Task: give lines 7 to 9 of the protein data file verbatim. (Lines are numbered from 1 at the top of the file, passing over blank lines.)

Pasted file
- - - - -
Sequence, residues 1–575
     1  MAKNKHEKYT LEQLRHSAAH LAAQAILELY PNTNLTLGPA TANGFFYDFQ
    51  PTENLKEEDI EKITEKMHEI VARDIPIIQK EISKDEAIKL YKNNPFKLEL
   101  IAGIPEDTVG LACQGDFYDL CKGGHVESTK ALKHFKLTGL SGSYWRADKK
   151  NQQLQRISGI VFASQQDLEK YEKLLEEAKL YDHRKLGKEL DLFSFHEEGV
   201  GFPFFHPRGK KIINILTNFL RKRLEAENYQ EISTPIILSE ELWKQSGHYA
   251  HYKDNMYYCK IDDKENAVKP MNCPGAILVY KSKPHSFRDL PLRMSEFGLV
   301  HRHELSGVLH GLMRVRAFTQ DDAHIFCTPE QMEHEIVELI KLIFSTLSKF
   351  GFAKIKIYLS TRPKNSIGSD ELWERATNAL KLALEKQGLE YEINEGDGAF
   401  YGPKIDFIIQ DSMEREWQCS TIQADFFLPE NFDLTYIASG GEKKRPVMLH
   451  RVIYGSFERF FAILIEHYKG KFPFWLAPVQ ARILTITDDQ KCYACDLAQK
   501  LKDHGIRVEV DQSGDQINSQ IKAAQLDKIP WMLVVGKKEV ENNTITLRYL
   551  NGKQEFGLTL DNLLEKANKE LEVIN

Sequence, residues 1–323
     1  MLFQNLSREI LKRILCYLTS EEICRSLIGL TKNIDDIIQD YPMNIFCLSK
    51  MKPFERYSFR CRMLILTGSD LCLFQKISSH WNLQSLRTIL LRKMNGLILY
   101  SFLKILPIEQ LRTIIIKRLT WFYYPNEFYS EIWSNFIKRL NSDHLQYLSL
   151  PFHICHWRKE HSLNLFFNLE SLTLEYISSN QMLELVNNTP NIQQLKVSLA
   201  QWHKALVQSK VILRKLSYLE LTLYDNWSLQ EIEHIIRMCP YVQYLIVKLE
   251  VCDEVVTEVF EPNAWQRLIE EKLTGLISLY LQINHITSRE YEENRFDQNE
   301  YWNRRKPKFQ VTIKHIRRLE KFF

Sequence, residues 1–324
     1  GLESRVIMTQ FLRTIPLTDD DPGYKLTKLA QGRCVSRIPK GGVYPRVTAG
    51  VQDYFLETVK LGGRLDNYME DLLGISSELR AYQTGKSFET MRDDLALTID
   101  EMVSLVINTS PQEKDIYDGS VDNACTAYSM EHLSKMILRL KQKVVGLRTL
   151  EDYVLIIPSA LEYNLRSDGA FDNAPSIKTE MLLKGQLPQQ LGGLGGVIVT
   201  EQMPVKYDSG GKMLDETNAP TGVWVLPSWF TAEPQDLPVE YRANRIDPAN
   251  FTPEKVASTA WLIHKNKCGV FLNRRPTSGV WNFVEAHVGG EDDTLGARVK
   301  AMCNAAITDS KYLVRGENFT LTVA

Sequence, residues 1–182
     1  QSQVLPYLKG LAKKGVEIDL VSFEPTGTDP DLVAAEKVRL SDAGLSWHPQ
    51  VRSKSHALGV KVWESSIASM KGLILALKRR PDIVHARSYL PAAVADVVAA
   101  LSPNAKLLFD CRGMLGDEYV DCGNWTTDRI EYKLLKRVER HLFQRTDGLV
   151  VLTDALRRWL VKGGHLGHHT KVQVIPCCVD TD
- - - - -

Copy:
   251  HYKDNMYYCK IDDKENAVKP MNCPGAILVY KSKPHSFRDL PLRMSEFGLV
   301  HRHELSGVLH GLMRVRAFTQ DDAHIFCTPE QMEHEIVELI KLIFSTLSKF
   351  GFAKIKIYLS TRPKNSIGSD ELWERATNAL KLALEKQGLE YEINEGDGAF